The Dow also reacted on its first touch of 13,000 with two days of declines but it appears likely we will close above that resistance next week. This will be a crucial week for the market. Nearly every market commentator is predicting a pullback but those same analysts are also projecting higher highs ahead. This constant prediction of profit taking is preventing investors from going "all in" and pushing the indexes higher at a faster clip. Nobody wants to be the person to buy the highs just before the profit taking hits. The majority of investors are holding back in hopes of a dip but every shallow bump in the road is being bought and the anticipated 3% to 5% decline on profit taking has yet to appear.
The volume is terrible. The overall volume on Friday was 5.7 billion shares. The volume on the NYSE was the lowest since Jan 10th. Everyone is waiting for something to happen. That something is either a meaningful dip or a breakout over resistance on increasing volume. That volume increase is the key.
These back to back days of 2-3 point gains on the S&P is like watching grass grow. Friday's gain of +2 points to 1365 is not a breakout. It is technically a close over 1363.61 but still not a breakout in terms of sentiment. If we don't breakout this week and start stringing some bigger gains together the natives are going to get restless. Somebody will eventually give up on the rally and pull the sell program trigger when we least expect it.
When you look at the fundamentals the deck appears stacked against a continued rally. Earnings were terrible, the worst since the recession. The Q4 earnings cycle is over and 64% of the S&P lowered estimates for Q1. Oil prices are going to start squeezing the economy like a vise. We have already hit the year end S&P estimates for some analysts at 1350 and many more are just above at 1375 and it is only February. Morgan Stanley is holding firm for a sharp decline back to 1167 by year end.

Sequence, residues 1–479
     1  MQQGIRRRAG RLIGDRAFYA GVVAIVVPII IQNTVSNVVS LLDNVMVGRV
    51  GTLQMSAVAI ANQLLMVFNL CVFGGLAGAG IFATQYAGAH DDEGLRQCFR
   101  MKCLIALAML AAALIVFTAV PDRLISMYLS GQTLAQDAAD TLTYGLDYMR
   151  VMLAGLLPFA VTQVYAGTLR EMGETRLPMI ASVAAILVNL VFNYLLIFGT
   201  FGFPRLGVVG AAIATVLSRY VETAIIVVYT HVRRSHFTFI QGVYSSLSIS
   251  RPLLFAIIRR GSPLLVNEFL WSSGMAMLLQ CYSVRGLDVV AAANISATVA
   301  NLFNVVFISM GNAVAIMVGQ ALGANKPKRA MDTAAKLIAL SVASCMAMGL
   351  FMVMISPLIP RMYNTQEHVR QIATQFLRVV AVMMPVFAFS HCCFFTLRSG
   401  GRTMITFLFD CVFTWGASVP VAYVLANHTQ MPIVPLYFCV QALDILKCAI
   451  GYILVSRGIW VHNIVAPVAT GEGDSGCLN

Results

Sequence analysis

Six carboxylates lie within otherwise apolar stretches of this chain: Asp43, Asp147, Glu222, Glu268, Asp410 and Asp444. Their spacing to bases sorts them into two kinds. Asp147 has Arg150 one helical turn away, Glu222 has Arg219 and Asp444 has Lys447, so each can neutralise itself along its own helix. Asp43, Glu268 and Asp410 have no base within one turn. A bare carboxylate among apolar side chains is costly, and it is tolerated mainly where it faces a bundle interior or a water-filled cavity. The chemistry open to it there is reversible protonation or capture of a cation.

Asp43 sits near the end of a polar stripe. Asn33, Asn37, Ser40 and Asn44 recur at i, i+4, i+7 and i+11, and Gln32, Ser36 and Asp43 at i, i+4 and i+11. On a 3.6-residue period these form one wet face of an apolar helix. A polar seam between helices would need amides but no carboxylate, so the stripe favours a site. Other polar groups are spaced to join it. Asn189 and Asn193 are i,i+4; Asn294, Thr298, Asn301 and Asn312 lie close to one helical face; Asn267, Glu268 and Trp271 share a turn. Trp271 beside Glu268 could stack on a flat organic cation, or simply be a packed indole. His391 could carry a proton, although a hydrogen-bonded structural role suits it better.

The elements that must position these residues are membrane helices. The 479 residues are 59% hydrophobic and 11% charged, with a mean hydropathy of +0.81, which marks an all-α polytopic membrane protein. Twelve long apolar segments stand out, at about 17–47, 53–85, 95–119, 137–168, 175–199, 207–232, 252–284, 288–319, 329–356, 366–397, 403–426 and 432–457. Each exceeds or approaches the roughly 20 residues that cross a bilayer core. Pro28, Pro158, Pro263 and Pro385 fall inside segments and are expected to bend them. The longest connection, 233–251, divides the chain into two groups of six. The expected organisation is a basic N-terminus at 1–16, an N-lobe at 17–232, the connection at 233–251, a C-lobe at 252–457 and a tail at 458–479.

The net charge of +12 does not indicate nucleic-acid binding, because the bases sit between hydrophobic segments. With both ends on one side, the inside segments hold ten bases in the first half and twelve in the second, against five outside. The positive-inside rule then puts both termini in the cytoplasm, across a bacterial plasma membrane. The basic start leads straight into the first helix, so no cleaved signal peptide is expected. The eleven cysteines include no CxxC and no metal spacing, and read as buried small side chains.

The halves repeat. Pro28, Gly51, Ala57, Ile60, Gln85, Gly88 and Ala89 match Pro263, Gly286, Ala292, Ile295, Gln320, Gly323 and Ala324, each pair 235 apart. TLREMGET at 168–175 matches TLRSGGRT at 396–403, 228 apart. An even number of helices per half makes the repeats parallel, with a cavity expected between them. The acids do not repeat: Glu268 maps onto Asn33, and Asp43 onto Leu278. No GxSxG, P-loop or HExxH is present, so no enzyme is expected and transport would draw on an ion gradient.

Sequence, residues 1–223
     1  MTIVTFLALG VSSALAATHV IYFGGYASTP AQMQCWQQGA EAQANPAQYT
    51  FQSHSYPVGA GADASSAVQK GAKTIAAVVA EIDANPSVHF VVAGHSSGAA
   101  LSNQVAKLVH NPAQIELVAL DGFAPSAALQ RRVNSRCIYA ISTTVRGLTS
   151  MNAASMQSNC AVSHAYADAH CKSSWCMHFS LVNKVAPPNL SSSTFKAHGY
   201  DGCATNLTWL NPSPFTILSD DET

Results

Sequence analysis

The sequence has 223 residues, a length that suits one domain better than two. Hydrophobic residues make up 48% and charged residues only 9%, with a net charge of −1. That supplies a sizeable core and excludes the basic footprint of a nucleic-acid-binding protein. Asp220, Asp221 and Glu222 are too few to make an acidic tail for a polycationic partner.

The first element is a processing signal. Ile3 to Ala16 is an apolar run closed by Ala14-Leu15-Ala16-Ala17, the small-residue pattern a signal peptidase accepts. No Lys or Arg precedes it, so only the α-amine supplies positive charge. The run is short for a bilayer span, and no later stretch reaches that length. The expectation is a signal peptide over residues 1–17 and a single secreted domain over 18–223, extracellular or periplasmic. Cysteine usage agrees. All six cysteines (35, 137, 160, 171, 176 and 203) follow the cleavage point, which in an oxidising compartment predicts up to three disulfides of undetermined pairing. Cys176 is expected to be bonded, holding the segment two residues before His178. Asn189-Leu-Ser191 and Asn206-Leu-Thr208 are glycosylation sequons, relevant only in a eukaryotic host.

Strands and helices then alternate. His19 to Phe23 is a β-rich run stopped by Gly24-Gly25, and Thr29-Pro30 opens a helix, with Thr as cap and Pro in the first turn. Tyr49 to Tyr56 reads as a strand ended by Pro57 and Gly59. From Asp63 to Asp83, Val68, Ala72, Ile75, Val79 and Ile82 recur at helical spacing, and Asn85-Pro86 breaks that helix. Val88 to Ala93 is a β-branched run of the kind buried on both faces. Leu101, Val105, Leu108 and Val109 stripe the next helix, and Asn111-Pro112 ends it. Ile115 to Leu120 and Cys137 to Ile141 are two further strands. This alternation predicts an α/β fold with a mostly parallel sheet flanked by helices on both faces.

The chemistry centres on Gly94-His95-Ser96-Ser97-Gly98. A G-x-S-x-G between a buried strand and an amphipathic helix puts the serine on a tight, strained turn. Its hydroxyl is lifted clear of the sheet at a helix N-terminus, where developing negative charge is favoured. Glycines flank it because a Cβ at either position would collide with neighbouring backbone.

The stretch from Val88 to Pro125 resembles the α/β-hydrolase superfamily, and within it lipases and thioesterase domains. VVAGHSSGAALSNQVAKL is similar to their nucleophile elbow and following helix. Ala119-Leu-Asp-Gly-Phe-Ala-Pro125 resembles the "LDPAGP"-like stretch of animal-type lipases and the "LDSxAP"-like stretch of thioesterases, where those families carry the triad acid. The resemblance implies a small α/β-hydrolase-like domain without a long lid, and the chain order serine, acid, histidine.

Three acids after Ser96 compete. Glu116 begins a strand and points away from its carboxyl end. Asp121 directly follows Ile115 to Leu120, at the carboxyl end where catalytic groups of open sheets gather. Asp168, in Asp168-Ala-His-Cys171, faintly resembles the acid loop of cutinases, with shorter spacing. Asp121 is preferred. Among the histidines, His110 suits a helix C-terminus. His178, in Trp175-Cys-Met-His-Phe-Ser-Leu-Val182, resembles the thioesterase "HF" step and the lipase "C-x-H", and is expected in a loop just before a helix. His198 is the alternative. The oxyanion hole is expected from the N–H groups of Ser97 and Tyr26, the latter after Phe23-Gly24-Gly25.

They say bull markets are built by scaling a wall of worry. Greece is not yet behind us but in theory the potential for a catastrophic default has ended. They may no longer be the big obstacle in that wall of worry but there are plenty of Grecian thorns left on the wall until we get past the March 20th debt payment.
I am wondering if the big Greek default worry held investors back for so long that little things like crummy earnings are no longer important to the market. Investors are so happy Greece is going away that all they can see is blue sky ahead. Maybe the improving U.S. economics and some of the "less bad" European numbers are functioning as a security blanket for investors and insulating them from the cold earnings facts.